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“Roland HT”, a hypertext and corpus study

, Brown University, United States

Brown University . Awarded


RolandHT is centered around the protagonist of the 11th-century French Song of Roland. In the past 900 years Roland has been appropriated by many Western cultures. He has often mutated drastically in the process of cultural transmission, becoming a multifaceted, often self-contradictory archetype. Roland is a cultural hypertext, an entity composed of segments interlinked in such a complex way that they are impossible to faithfully represent on paper.

The works under consideration form a corpus held together by recurring themes, imagery and characters. In collaboration with a programmer I present a representative set of semantically enoded corpus excerpts, with a web interface that provides a means for readers to acquaint themselves with the corpus following thematic threads that they find compelling.

Heuretics—a heuristic approach to theory—guides this experiment in humanities computing scholarship. Semantic markup is apposite to expressing concepts that are poorly served by linear prose. RolandHT contributes to the study of cultural transmission and adds to an understanding of art's function in social history. I take up the issues of objectivity and originality, and their role in this dissertation's intellectual contribution to cultural studies. The electronic project (which is a more versatile entity than are extant physical and digital archives) is a pedagogical tool; some suggestions for teaching using RolandHT are provided.

RolandHT makes a case for working in ways—and with tools—unfamiliar to most humanities scholars. Use of computation to make a scholarly argument are described in detail. Strengths and weaknesses of such an approach are addressed. I continue a line of research advanced by researchers of social computing and propose that humanists stake out plots of the electronic noosphere. Networking—not only interpersonally but also computationally—will allow us to conduct research more quickly and effectively.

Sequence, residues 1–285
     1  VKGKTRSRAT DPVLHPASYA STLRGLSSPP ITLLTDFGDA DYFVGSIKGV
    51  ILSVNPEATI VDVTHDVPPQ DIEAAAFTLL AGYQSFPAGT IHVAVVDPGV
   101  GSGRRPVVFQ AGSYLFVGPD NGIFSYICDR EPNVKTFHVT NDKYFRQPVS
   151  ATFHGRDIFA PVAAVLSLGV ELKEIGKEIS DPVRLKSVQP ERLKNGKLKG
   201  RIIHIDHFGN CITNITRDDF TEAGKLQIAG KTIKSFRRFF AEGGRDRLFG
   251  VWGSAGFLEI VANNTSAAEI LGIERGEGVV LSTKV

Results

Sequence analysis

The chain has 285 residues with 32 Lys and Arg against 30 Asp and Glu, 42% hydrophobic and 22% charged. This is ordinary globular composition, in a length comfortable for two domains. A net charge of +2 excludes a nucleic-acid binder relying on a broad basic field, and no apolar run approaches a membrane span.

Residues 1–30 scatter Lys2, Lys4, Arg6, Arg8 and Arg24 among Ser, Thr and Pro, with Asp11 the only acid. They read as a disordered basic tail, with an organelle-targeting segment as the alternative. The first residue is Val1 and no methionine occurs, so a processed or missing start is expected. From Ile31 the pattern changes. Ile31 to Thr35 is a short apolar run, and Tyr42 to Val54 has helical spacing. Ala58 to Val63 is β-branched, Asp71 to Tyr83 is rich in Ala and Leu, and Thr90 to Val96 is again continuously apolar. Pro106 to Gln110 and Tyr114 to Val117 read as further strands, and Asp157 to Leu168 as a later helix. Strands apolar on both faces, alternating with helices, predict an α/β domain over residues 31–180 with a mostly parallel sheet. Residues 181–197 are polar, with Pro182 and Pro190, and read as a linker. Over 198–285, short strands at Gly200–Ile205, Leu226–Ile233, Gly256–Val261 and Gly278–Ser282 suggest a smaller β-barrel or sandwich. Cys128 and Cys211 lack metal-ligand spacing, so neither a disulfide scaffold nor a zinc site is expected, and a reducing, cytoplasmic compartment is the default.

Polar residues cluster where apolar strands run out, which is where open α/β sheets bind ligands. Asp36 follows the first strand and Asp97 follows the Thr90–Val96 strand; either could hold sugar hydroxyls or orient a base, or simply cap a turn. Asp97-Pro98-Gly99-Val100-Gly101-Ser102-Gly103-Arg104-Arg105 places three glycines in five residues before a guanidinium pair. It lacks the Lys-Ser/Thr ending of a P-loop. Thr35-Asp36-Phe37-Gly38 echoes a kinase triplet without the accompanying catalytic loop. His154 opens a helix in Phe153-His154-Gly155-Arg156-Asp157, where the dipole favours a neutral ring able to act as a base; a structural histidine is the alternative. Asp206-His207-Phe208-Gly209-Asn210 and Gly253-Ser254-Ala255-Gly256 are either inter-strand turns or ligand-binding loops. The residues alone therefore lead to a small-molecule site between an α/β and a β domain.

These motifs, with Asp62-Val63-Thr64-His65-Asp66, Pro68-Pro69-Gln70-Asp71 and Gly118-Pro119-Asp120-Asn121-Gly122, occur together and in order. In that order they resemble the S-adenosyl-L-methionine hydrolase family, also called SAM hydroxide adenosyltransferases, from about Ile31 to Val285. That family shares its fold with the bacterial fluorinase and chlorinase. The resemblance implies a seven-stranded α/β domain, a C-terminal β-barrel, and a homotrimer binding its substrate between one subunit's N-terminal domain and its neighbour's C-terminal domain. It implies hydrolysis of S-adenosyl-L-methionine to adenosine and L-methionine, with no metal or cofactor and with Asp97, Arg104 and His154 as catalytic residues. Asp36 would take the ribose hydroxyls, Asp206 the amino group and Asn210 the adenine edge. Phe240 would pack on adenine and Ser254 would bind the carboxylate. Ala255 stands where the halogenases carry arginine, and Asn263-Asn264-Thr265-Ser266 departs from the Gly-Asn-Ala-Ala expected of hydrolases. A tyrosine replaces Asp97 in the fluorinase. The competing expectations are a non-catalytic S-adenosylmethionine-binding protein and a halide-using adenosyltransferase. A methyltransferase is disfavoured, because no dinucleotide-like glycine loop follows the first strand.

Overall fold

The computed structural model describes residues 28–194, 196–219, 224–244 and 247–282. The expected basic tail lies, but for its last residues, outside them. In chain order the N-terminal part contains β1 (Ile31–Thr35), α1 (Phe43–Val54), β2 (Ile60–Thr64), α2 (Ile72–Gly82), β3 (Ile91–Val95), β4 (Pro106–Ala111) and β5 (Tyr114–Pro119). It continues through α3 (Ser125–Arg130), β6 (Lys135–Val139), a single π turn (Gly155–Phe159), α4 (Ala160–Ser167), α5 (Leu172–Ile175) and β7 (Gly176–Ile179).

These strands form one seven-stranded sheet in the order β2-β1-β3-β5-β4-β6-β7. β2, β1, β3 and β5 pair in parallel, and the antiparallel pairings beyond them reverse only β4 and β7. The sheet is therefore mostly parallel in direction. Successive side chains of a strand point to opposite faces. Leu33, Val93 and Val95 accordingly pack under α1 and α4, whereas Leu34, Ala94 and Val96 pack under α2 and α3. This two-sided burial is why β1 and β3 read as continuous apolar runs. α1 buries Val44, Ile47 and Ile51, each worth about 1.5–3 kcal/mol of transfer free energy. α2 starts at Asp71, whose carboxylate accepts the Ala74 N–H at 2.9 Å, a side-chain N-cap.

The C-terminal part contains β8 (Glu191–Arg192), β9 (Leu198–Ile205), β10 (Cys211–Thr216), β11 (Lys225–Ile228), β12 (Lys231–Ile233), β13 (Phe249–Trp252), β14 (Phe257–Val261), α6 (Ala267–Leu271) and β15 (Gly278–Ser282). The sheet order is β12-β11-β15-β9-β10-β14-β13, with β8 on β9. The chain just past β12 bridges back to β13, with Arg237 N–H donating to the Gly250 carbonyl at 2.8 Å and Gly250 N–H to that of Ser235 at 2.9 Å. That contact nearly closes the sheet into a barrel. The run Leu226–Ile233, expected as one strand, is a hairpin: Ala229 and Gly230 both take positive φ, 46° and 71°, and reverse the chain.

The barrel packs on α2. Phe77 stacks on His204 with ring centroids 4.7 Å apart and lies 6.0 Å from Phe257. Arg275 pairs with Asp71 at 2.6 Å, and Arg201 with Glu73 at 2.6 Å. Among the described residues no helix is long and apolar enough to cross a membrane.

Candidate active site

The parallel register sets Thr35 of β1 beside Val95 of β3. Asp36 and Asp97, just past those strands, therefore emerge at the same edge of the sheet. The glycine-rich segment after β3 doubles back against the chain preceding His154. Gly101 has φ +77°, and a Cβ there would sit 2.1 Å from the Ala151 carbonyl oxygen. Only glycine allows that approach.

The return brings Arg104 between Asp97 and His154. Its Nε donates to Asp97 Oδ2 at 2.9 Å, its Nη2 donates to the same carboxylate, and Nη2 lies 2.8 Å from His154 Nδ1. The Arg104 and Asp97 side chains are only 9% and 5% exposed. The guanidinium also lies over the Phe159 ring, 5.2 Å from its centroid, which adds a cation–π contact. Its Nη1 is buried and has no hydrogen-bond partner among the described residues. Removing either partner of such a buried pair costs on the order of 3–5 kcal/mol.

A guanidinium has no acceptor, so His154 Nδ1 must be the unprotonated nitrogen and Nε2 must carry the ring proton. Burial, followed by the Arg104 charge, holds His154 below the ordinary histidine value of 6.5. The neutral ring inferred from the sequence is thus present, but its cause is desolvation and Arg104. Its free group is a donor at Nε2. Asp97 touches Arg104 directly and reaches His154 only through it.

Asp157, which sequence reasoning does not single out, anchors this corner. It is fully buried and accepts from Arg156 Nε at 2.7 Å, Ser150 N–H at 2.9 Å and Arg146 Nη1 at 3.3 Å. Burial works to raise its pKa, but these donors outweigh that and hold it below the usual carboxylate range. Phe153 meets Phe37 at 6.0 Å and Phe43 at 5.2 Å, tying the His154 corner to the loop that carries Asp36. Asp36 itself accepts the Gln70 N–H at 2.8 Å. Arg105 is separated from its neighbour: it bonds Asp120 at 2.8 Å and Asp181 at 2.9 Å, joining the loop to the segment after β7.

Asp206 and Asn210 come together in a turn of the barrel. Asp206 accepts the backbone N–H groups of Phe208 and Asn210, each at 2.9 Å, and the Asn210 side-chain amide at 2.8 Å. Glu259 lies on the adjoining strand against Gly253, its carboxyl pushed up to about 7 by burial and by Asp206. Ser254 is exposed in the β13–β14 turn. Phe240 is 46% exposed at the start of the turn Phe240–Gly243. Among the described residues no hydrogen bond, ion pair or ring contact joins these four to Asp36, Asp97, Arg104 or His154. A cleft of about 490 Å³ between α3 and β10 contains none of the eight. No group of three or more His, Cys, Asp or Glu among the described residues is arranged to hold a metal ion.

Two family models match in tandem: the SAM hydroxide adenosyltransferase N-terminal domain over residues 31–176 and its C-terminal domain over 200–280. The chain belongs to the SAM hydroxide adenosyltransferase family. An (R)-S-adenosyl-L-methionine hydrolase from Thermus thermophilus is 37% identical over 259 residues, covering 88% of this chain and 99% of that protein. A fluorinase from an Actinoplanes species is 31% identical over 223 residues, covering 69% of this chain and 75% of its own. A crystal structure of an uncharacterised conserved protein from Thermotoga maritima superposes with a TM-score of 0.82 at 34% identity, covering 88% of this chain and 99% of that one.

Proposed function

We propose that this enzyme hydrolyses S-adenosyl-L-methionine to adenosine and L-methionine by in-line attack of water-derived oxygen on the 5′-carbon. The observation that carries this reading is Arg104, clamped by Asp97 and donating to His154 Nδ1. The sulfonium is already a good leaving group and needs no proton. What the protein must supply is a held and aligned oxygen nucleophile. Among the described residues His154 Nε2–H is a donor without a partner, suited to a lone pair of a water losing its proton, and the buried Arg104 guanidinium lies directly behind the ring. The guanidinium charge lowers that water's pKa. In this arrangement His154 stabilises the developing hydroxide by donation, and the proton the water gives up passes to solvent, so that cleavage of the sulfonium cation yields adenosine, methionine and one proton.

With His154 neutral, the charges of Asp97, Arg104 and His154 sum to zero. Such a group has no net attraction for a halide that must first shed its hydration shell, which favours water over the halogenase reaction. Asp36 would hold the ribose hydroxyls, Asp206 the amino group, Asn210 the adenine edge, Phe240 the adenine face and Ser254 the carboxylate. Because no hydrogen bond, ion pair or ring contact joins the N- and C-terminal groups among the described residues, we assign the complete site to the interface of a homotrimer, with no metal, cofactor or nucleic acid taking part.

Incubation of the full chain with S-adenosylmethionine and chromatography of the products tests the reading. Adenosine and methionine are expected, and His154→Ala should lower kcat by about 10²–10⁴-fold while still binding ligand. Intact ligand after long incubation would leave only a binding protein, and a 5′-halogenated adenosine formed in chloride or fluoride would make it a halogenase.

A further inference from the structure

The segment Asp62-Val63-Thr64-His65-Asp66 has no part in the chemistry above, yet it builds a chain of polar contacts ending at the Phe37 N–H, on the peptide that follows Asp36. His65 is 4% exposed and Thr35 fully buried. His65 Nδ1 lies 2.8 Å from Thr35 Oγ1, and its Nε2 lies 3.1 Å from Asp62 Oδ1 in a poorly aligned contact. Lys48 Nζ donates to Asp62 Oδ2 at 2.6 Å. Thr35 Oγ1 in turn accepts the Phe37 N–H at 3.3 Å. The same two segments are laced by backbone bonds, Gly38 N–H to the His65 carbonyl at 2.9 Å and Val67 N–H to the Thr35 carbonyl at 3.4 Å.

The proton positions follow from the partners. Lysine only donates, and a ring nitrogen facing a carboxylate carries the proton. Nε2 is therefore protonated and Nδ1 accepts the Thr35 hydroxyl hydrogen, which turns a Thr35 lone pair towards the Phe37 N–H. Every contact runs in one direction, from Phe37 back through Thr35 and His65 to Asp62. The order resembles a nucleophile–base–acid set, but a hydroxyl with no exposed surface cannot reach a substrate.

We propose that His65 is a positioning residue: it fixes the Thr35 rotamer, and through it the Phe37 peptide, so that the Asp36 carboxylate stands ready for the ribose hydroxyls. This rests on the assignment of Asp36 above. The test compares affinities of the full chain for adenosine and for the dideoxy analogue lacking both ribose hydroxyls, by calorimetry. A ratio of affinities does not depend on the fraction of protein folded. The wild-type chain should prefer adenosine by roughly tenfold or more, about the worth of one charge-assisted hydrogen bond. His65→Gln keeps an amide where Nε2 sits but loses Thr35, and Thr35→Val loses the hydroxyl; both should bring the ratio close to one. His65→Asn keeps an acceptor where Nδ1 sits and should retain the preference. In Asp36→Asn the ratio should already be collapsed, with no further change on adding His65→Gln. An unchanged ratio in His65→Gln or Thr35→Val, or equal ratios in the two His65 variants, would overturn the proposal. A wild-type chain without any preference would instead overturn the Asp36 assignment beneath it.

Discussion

This dissertation is a proof of concept: the corpus is far too large to process in the time allotted for research and writing. In the final chapter I discuss some preliminary statistical results, and propose ways to address the inevitable incompleteness of the current project by offering likely future directions for RolandHT.*

*This dissertation is a compound document (contains both a paper copy and a CD as part of the dissertation). The CD requires the following system requirements: Internet browser.


Zafrin, V. “Roland HT”, a hypertext and corpus study. Ph.D. thesis, Brown University. Retrieved July 29, 2021 from .

This record was imported from ProQuest on October 23, 2013. [Original Record]

Citation reproduced with permission of ProQuest LLC.

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